Carex torreyi (Torrey's Sedge)
|Also known as:
|part shade, sun; moist to dry sandy or rocky soil; prairies, savannas, meadows, open woods, thickets, wooded bluffs
|June - July
|6 to 20 inches
|Wetland Indicator Status:
|GP: UPL MW: FACU NCNE: FACU
|MN county distribution (click map to enlarge):
|National distribution (click map to enlarge):
Pick an image for a larger view. See the glossary for icon descriptions.
Separate staminate (male) and pistillate (female) spikes, with a single staminate spike up to about 2/3 inch long at the top of the stem, rarely with a few pistillate flowers at the tip (gynecandrous). Just below the staminate spike are 2 to 4 (frequently 2) oval to cylindric, all-pistillate spikes each up to about ½ inch long, all near each other or sometimes the lowest more distant than the rest. Pistillate spikes are short-stalked to stalkless and erect to ascending; each has a leaf-like bract at the base of the stalk that is sheathless and may be longer than the associated spike but usually does not over-top the terminal spike.
Leaves and stems:
Leaves are basal and alternate, 1.5 to 3 mm wide, erect to ascending, much shorter than the flowering stem. Stem leaf sheaths are U to V-shaped at the tip and moderately to densely hairy. The ligule (membrane where the leaf joins the sheath) is longer than wide, an inverted V-shape, blunt to pointed at the tip. Leaves are hairy on both surfaces, V-shaped in cross-section when young.
Bases are wrapped in a reddish to brown sheath that may become fibrous with age. Stems are slender, 3-sided, smooth to sparsely hairy, mostly erect and may elongate up to 20 inches at maturity. Not all plants produce flowering stems. Plants form loose to dense clumps from short rhizomes.
Fruit develops in late spring through early summer, the pistillate spikes forming clusters of seeds (achenes), each wrapped in a casing (perigynium), subtended by a scale. Pistillate spikes have up to 30 fruits, the perigynia ascending to spreading, overlapping and crowded.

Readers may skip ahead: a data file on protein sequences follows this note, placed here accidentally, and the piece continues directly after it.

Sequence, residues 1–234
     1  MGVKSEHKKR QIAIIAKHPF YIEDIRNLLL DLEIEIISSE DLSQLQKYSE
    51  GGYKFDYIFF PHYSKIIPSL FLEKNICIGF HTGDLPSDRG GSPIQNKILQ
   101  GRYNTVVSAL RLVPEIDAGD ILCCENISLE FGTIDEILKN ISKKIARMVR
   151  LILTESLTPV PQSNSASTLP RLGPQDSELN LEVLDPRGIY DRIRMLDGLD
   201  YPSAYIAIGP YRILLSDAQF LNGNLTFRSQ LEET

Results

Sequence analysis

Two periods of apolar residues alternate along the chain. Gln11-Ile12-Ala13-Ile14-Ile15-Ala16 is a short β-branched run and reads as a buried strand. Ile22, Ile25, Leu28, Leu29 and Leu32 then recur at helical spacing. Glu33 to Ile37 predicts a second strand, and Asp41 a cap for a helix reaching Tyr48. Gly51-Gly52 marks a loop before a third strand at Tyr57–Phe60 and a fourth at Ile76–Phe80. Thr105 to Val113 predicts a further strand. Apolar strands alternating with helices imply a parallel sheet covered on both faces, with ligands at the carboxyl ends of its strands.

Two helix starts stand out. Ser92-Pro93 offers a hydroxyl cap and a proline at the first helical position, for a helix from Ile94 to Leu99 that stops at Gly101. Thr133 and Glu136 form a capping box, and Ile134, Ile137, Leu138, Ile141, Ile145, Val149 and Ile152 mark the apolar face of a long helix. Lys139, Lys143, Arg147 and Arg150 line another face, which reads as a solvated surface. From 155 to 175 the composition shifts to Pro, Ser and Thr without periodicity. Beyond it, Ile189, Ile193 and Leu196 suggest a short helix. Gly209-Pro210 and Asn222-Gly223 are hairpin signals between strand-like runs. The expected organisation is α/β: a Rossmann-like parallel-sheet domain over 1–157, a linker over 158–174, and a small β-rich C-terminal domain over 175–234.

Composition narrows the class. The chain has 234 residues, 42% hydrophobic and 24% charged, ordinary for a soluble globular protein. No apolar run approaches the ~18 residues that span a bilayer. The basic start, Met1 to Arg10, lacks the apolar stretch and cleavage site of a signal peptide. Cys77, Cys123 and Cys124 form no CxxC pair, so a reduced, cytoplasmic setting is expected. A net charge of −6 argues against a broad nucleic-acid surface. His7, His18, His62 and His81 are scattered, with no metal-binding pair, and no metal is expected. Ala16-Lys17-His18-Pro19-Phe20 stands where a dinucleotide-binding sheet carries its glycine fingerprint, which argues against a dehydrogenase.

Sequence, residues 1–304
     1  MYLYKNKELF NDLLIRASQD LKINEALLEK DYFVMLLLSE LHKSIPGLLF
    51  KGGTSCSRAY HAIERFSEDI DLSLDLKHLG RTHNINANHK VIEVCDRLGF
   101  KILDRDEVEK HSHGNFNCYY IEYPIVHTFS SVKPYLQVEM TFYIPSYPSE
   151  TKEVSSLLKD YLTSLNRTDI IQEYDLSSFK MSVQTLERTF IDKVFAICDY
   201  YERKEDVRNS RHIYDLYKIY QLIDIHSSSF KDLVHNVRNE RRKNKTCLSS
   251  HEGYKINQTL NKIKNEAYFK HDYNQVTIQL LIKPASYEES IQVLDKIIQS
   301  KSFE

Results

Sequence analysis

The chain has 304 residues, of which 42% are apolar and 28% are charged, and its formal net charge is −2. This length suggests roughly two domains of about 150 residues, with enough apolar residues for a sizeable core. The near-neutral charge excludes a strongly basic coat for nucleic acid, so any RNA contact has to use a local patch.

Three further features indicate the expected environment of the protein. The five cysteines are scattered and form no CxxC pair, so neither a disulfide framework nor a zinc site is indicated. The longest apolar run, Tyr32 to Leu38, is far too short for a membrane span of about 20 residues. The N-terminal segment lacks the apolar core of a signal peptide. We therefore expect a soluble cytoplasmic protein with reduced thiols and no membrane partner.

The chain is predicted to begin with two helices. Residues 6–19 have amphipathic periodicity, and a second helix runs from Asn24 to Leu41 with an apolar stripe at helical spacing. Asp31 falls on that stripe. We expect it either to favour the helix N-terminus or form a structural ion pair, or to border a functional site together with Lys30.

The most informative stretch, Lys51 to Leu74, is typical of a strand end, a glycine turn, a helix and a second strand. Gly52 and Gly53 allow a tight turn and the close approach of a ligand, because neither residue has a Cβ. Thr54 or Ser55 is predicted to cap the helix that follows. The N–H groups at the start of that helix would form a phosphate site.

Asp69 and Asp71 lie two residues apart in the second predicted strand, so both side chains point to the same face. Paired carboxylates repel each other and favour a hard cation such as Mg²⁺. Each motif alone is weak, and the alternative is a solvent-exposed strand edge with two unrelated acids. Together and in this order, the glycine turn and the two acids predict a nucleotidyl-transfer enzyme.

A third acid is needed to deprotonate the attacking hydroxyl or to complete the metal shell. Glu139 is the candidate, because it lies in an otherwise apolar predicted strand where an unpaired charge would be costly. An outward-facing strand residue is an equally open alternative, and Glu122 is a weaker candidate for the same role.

Pistillate scales are broadly egg-shaped to nearly round, reddish-brown to whitish with a green midrib that dries brown and usually abruptly tapers to a pointed tip; scales are much shorter than the perigynia. Perigynia are greenish-brown at maturity, 2.2 to 3.5 mm long, 1.5 to 2.2 mm wide, hairless, slightly inflated, distinctly 18 to 24-veined, round in cross-section, oval to somewhat urn-shaped in outline, abruptly tapered to a short, cylindric, toothless beak at the tip. Achenes are 2 to 2.5 mm long, weakly 3-sided to nearly round in cross-section, urn-shaped, widest above the middle, tapering at the base and maturing to brown.
Carex torreyi is an occasional sedge in Minnesota, found in dry to moist, often rocky soil in prairies, thinly wooded slopes, bluffs, and coulees (steep-walled valleys). Minnesota is on the southern edge of its range; it is currently listed as a Special Concern species in Wisconsin.
Carex is a large genus, with over 600 species in North America and 150+ in Minnesota alone. They are grouped into sections, the species in each group having common traits. Carex torreyi is in the Porocystis section; some of its common traits are: clump forming, short rhizomatous, basal sheaths reddish-brown and fibrous, leaves V-shaped in cross-section when young and usually hairy, widest leaves 8 mm or less, 2 to 6 spikes, bracts sheathless and thread-like or leaf-like, terminal spike all staminate or with pistillate flowers at the tip (gynecandrous), lateral spikes all pistillate or with a few staminate flowers at the base (androgynous), perigynia ascending to spreading and veined on one or both sides, perigynia usually beakless or with a toothless beak not more than .5mm long, achenes 3-sided with 3 stigmas.
Carex torreyi is distinguished from other Carex species by the combination of: clump forming, hairy sheaths and leaves, all-staminate terminal spike, 2 to 5 lateral all-pistillate spikes on erect stalks and mostly near the tip of the stem, hairless perigynia to 3.5mm long with 18 to 24 distinct veins and a short, cylindric, toothless beak. Carex torreyi most closely resembles the rare Carex pallescens, which has narrower perigynia that are weakly veined and have no beak, and is only found in the northeast counties where C. torreyi is rarely present.
Please visit our sponsors
Native Plant Nurseries, Restoration and Landscaping Services ↓
Photos by K. Chayka and Peter M. Dziuk taken in Wadena County.
Have you seen this plant in Minnesota, or have any other comments about it?